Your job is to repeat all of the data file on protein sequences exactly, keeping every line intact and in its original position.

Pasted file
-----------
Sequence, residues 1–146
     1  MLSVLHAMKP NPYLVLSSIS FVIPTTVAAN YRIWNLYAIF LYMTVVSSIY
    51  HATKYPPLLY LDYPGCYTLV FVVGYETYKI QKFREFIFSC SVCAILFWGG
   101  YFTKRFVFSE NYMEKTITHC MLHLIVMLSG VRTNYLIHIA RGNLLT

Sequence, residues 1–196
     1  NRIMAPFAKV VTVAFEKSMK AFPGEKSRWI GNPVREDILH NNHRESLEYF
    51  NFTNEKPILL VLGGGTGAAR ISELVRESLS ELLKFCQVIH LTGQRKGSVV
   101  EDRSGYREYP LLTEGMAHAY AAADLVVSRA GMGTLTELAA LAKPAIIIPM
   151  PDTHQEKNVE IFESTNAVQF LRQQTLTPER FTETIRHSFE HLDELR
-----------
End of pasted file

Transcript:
Sequence, residues 1–146
     1  MLSVLHAMKP NPYLVLSSIS FVIPTTVAAN YRIWNLYAIF LYMTVVSSIY
    51  HATKYPPLLY LDYPGCYTLV FVVGYETYKI QKFREFIFSC SVCAILFWGG
   101  YFTKRFVFSE NYMEKTITHC MLHLIVMLSG VRTNYLIHIA RGNLLT

Sequence, residues 1–196
     1  NRIMAPFAKV VTVAFEKSMK AFPGEKSRWI GNPVREDILH NNHRESLEYF
    51  NFTNEKPILL VLGGGTGAAR ISELVRESLS ELLKFCQVIH LTGQRKGSVV
   101  EDRSGYREYP LLTEGMAHAY AAADLVVSRA GMGTLTELAA LAKPAIIIPM
   151  PDTHQEKNVE IFESTNAVQF LRQQTLTPER FTETIRHSFE HLDELR